Minnesota, which Democrats love to point at as the ideal progressive state, has a similar program in place. In 2016, Minnesotans braced for premium hikes soaring as high as 67 percent with insurers packing up. Democratic Gov. Mark Dayton was forced to acknowledge President Obama’s Affordable Care Act was “no longer affordable for increasing numbers of people.”

Minnesota’s Legislature created the new $550 million reinsurance fund to help defray costly claims for insurers. Some would call that a subsidy, but the design is to take a bite out of health care costs for some 200,000 people on Wisconsin’s individual market.

Walker also proposes a law guaranteeing coverage of pre-existing conditions.

“That way someone who has cancer or another serious disease or ailment will not have to worry about obtaining or keeping coverage,” the governor said.

On the health care front, Walker proposes a permanent waiver for the state to provide SeniorCare, the prescription drug assistance program for Wisconsin residents 65 and older. The state has sought an extension of the program four times since it was first approved in 2002. Walker asserts the state can “provide certainty and stability for those who depend on SeniorCare.”

Working Welfare

Walker also pitched a welfare reform package he wants the Legislature to pass in a fast-moving special session.

“We want able-bodied, working age adults to work at least 30 hours a week or enroll in job training to get assistance. We want to expand welfare reform statewide. And we want to ensure that everyone getting public assistance can pass a drug test. If someone fails, we set aside resources to get them into rehabilitation because we understand that if we get them healthy, we can find a job for anyone in the state.

The bills, ten in all, build on Walker’s “Wisconsin Works For Everyone” welfare reform initiative announced nearly one year ago. Much of that agenda made it into law in the 2017-19 state budget.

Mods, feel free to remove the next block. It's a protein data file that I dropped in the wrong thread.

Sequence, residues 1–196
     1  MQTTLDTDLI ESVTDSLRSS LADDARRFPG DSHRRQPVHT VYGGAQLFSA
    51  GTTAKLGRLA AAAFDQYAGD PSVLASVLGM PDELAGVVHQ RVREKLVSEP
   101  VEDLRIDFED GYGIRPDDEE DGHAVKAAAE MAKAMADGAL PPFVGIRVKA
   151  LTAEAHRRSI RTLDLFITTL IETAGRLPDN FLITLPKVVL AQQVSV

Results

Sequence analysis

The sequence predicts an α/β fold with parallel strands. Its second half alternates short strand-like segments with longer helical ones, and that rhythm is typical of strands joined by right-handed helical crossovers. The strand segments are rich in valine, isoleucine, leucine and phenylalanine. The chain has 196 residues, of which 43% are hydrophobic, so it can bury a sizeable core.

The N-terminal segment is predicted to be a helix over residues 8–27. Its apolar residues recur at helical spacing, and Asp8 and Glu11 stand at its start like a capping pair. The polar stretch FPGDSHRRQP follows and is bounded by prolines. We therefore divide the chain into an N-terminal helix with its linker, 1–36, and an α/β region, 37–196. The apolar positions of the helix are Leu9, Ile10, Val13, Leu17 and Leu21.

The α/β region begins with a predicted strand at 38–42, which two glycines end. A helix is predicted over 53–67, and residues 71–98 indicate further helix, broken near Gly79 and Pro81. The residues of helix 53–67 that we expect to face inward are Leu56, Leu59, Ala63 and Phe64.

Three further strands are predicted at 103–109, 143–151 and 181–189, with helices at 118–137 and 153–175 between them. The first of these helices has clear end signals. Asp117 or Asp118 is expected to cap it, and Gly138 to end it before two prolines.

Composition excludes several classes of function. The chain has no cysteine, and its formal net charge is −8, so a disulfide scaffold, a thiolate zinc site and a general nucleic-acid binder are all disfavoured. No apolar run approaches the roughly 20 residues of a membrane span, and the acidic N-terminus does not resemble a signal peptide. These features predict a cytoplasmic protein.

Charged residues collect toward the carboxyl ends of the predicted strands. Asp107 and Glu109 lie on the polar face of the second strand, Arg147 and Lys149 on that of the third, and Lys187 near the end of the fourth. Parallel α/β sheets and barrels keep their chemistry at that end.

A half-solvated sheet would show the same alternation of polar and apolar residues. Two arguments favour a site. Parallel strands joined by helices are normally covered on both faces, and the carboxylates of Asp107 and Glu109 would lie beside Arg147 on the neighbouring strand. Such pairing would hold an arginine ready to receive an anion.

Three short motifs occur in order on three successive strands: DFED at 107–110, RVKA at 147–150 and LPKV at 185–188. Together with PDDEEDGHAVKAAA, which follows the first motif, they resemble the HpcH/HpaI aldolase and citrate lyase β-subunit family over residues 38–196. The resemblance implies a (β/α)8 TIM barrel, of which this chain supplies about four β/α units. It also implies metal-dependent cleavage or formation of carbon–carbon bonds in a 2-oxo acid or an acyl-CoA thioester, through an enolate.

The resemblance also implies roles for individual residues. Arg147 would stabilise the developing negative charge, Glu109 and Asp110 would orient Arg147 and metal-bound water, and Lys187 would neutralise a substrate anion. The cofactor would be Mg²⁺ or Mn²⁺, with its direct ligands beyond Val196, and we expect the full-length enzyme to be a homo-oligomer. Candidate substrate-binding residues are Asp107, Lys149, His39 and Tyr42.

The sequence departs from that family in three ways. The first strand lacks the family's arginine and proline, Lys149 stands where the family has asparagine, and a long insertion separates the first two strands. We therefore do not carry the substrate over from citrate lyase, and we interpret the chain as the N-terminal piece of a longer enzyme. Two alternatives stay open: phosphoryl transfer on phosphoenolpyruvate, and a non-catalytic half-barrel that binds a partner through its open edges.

Walker proposes FoodShare cards include photo identification of the recipient, a measure aimed at cutting fraud. The new initiative also expands the work requirement for FoodShare recipients. And anyone who owns a home worth more than $321,000 would not be eligible for taxpayer-funded meals and other welfare programs.

Education and Economic Development

Building on record public education expenditures, the conservative governor pushed a plan to increase so-called Sparsity Aid in Wisconsin’s low revenue school districts. Legislation led by state Rep. John Nygren (R-Marinette) would increase aid by $6.4 million for the 2018-19 school year. The bill provides an increase from $300 per pupil to $400 for qualifying districts. And the “low revenue ceiling” for districts that spend less would rise from $9,100 to $9,400 per pupil for the 2018-19 school years, rising by $100 per year thereafter, up to $9,800 by the 2022-23 school year.

“In order to ensure accountability to local voters, districts where a referendum to raise the revenue limit was rejected by the voters within the past three years would not be allowed to raise their revenue limits,” the governor wrote earlier this month.

Walker also wants to spend $20 million to create a “Wisconsin Career Creator” program on college campuses statewide.